IME, coarse grinds produce a brighter cleaner taste... and I get more of those lemony, minty, gassy, etc.. terpenes coming forward.

Fine grinds mix in more of a deeper, earthy, creamy, taste.

Totally agreed here! I notice the same with coffee, incomplete/selective extraction leads to bright clean flavours. More complete extraction mixes in more mouthfeel, sugars and body that would normally be left behind in the coffee. This becomes a little problematic sometimes, for example a lot of natural Ethiopian coffees have strawberry or blueberry flavours. When you selectively extract the top note/bright flavours you get this very impressive strawberry ester like taste. However, without some body and sweetness backing it up, it doesn't taste like real strawberry and it tastes a little bit thin and artificial. With more complete extractions, these strawberry flavours are not as immediately noticeable and don't jump out of the cup, but over time the more "complete" picture tends to be a little more complex and interesting, although not as immediately impressive. The same thing I'm finding here now a little bit between fine and coarse flower, so this is also where personal taste comes in and I think this ties in with coffee again perfectly. People get pretty nerdy about coffee and try to use differently designed pour-over devices (flat bottom vs conical) to try and selectively tease out different flavours to suit their tastes.

I toootally think that basing your grind size on flower density is a good practice. This also might be good flower buying advice. If you want brighter flavors, you may want a coarse grind, and if you want a coarse grind, you'll need fluffy buds.

This ties back into coffee too, whenever I get a new bag of beans, I have to recalibrate my grinder. No two beans are alike, and if I grind the same bean at the same setting I'll get very different flow properties. This difference is especially noticeable between cultivars, for example, Ethiopian landrace cultivars tend to be small and dense, and need a coarser grind, whereas Columbian cultivars are often a little less dense and appear to need a much finer grind size. I would expect this same exact concept to apply to flower. Furthermore, we may also want to play with different parameters like heat between different strains and tamping vs no tamping. A one size fits all solution doesn't exist for coffee and I wouldn't expect it to for cannabis and hemp either.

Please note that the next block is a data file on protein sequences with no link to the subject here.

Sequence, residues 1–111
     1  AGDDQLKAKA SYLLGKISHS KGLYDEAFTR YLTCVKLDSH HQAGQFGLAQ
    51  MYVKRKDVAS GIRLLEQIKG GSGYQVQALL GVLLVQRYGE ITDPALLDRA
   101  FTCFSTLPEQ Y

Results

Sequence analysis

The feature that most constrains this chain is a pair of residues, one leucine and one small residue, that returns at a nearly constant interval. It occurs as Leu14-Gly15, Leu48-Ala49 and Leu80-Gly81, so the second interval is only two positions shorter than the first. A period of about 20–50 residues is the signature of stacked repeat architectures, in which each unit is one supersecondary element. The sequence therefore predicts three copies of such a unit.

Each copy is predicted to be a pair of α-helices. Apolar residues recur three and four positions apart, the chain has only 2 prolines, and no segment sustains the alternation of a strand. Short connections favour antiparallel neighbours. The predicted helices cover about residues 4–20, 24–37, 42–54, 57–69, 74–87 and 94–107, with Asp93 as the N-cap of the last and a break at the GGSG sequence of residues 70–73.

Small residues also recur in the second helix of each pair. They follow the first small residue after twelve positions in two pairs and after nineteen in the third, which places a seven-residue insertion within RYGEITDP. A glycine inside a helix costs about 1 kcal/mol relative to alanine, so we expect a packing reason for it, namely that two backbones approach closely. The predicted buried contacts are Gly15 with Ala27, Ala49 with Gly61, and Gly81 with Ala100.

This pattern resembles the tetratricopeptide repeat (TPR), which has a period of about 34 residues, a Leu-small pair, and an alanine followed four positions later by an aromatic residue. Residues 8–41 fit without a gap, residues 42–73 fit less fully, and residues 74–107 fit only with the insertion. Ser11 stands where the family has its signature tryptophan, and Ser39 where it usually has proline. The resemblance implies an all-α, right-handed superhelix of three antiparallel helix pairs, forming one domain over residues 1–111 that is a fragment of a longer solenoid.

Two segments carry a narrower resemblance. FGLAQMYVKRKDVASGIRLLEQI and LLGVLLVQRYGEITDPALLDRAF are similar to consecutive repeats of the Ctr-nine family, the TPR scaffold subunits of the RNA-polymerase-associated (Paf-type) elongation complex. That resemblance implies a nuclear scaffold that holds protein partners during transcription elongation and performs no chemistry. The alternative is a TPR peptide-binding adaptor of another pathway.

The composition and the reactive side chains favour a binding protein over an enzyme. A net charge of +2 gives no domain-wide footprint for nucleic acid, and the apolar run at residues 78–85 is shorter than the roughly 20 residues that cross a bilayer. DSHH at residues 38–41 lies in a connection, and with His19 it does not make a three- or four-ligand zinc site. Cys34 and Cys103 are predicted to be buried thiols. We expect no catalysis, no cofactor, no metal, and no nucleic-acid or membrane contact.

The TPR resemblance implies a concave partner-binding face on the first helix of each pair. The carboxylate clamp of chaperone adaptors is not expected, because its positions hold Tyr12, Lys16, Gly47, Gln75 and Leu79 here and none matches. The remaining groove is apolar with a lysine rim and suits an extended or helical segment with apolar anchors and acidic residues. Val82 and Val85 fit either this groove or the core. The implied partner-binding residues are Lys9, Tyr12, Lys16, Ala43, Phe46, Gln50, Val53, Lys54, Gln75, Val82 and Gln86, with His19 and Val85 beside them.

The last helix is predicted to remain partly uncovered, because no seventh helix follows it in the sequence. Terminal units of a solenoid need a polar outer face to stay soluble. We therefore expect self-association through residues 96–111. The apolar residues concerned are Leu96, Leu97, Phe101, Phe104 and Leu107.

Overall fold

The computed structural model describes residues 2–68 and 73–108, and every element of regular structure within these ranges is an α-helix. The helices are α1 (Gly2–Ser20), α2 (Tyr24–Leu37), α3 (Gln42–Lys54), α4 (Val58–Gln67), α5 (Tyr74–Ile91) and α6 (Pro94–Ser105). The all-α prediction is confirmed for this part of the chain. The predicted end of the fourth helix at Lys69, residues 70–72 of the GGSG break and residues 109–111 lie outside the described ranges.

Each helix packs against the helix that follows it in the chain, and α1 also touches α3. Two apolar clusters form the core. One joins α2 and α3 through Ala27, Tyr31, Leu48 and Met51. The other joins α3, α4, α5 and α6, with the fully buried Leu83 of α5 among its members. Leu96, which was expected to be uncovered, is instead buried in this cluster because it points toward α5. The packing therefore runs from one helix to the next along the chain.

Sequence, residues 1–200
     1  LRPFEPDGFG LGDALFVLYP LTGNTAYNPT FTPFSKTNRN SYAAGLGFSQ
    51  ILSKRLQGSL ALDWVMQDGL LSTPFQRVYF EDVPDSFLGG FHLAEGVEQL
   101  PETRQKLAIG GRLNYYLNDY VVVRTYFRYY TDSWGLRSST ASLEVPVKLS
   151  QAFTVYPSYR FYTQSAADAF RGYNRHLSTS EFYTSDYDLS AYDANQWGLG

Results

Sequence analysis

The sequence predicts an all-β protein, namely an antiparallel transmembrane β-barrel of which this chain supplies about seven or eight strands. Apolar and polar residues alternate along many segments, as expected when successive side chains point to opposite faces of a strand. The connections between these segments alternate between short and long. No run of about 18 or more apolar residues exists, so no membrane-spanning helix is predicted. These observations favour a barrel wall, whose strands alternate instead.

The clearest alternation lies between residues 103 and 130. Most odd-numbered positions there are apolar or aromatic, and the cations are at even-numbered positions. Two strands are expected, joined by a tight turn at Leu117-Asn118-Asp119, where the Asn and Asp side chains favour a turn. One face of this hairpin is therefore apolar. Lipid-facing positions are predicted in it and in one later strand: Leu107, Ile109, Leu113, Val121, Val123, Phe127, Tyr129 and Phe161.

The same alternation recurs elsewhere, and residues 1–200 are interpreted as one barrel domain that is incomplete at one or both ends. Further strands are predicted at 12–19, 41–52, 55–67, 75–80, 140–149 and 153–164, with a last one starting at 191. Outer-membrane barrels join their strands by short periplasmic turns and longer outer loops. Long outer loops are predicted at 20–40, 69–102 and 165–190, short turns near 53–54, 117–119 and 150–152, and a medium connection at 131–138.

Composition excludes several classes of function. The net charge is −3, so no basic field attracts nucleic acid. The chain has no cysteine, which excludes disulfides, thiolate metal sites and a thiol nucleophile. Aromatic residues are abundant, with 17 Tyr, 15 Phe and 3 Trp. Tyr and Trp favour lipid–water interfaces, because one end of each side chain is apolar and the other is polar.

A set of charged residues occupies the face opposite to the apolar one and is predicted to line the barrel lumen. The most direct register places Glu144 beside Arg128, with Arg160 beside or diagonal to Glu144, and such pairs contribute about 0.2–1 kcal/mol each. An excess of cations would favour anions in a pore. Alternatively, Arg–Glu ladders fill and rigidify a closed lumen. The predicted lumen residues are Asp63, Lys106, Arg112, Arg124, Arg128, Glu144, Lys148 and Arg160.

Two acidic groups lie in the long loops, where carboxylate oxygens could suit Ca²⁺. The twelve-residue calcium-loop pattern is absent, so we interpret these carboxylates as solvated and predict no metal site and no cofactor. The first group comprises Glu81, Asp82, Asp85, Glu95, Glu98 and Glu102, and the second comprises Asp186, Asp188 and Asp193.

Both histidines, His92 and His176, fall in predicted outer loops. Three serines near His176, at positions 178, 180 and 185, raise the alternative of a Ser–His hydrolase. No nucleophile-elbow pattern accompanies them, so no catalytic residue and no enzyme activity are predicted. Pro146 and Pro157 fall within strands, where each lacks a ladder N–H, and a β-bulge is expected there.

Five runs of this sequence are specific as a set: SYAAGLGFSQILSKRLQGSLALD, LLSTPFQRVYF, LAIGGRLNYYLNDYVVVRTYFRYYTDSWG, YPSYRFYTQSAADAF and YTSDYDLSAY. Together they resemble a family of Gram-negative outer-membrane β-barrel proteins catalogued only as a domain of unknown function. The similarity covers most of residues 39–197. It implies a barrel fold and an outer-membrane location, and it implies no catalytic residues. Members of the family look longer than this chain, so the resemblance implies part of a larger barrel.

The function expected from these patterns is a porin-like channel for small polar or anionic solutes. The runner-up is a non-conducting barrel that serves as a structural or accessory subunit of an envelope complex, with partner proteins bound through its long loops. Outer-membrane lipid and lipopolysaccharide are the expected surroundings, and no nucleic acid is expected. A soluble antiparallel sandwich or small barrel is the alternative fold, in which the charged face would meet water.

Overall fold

EnemyLemon

Well-Known Member
Another thing that is not often talked about is that some of the acidic cannabinoids can be carboxylated at different positions. For example, acidic THC exists as THCA-A and THCA-B. THCA-B is a lot more stable and resistant to decarboxylation, so we are probably inhaling some of this. This is great because THCA has some very interesting effects, including various effects such as activating the vanilloid receptors TRP1A and TRPV2 while also inhibiting TRPV1. THCA also appears to inhibit every single enzyme system that plays a role in endocannabinoid degradation such as FAAH and DGLα and it also inhibits anandamide transport.